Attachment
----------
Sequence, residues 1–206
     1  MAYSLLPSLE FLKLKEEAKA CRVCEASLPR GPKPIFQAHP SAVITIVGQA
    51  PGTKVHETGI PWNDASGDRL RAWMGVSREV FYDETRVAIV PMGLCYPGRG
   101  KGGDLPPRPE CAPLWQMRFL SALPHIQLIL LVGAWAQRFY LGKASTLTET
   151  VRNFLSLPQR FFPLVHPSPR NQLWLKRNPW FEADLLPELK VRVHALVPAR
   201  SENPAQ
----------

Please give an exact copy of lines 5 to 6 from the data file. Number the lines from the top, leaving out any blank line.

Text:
   151  VRNFLSLPQR FFPLVHPSPR NQLWLKRNPW FEADLLPELK VRVHALVPAR
   201  SENPAQ